Santa Clarita Signal • Opinion Column • Ethically Speaking • August 31, 2014
Get Ready, Elections are Coming!
David W. Hegg
With just over two months until the mid-term elections in November, it’s time to talk about voting choices. No, I won’t be endorsing candidates, issues, or parties. What I will do is suggest some strategies for getting factual information and making wise choices before you enter the voting booth.
We all know the barrage is coming. Soon the media will be churning out commercials, testimonials, and endorsements meant to make our choices easy. They will start out being informational, and eventually turn into intentional exaggerations and mean-spirited, usually groundless accusations. Just remember, the choice shouldn’t be easy.
Next will come the ubiquitous campaign signs. I often wonder about the strategy here. Am I supposed to think a candidate is more worthy if his or her signs are plastered in groups of 5? And I always wonder about the color choice. Do you suppose paid political operatives stay up nights arguing with candidates that red and blue beat green and yellow 7 out of 10 times?
All of this will be only slightly less annoying than the plague of pre-recorded phone messages. You know, the ones where we’re supposed to think some nationally known figure just happens to have the time to call me personally and ask me to vote for so and so. Are we really that gullible?
I think the answer is “yes.” Here’s the problem. Professional politicos know most voters are lazy, and just want someone to tell them who to vote for. They have learned we can be swayed by edgy commercials, a flurry of yard signs, and celebrity endorsements. They are betting we’ll let them do our thinking for us, but you and I know our democratic system only works if we vote, and do so intelligently.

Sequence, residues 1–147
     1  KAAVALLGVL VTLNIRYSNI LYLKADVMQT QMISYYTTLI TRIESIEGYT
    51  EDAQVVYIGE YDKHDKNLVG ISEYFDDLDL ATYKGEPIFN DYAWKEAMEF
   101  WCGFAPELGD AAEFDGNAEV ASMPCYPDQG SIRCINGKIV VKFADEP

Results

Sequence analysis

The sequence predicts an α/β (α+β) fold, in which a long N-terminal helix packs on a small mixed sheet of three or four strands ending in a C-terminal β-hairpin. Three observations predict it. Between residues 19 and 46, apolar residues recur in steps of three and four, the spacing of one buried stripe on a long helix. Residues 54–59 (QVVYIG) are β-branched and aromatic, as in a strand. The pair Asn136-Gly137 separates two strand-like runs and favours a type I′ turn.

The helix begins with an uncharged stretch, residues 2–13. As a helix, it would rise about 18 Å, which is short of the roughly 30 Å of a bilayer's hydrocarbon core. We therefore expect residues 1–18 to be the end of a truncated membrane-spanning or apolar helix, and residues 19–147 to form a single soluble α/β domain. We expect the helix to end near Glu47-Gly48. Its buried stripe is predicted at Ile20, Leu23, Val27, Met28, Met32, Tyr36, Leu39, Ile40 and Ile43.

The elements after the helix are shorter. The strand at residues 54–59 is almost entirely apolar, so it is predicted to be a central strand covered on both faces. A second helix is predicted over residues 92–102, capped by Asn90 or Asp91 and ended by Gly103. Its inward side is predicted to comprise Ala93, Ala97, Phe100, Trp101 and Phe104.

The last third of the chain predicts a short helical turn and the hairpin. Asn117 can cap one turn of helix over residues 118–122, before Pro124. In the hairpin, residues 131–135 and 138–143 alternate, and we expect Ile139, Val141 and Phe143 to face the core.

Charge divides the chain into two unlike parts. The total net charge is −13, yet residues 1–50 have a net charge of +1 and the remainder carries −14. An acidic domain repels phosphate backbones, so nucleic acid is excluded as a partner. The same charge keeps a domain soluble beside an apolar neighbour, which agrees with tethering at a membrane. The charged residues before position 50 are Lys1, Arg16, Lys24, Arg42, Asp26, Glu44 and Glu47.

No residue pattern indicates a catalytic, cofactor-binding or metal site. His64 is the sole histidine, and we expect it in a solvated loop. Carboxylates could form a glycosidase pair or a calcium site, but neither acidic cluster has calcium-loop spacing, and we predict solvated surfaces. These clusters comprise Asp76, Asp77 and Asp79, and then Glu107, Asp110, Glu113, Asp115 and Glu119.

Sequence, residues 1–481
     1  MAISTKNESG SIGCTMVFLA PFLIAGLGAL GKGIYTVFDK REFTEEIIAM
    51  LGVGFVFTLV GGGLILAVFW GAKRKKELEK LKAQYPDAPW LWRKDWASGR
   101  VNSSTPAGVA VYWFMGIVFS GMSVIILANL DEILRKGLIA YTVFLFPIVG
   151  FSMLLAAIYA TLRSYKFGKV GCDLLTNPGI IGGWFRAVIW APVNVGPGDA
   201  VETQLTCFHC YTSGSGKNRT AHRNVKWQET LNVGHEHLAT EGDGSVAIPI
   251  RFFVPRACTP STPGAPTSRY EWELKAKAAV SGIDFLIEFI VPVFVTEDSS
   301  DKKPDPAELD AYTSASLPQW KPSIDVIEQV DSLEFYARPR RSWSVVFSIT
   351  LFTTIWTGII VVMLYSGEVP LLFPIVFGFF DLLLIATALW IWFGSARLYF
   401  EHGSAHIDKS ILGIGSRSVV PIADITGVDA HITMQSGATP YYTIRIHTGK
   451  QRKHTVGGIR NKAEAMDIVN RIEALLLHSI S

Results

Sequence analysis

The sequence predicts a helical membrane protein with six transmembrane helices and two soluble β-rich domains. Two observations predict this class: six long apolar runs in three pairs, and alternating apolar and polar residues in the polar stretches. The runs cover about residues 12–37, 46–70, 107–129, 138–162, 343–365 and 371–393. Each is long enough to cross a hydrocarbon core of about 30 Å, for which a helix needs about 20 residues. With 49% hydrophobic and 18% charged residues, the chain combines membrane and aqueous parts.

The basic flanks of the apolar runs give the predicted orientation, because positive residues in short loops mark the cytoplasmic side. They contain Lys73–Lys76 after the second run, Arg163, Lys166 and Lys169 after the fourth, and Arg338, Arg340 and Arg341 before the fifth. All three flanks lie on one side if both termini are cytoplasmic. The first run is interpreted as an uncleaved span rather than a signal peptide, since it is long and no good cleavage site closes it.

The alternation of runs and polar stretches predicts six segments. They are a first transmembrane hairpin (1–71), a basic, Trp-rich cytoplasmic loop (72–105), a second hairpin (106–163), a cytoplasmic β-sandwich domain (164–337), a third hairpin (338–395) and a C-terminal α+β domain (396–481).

So, here are a few suggestions:
1. Forget the commercials entirely. Refuse to be manipulated by scripted sound bites produced by professional filmmakers. Do you really think you’re getting the whole story?
2. Remember, the guy with the most signs is just the guy with the most signs. You’re not electing a marketing team; you’re selecting a person to represent your point of view.
3. Read all you can about candidate views and records. Most election headquarters offer position papers and other materials that will allow you to hear what the candidate really thinks.
4. Attend some “meet and greet” events. Get face to face with the candidates and have some well-worded questions ready for them to answer. Then assess just how knowledgeable they are, how able they are to think and articulate their views, and whether or not they appear trustworthy.
5. Lastly, if you find a candidate worthy of your support, support them. Many times the best candidates are the least funded simply because they refuse to toe the party line.
The elections are coming, and they are very important. Don’t let someone else do your thinking for you. Think, study, discover, and then vote. You’ll be glad you did, and so will the rest of us.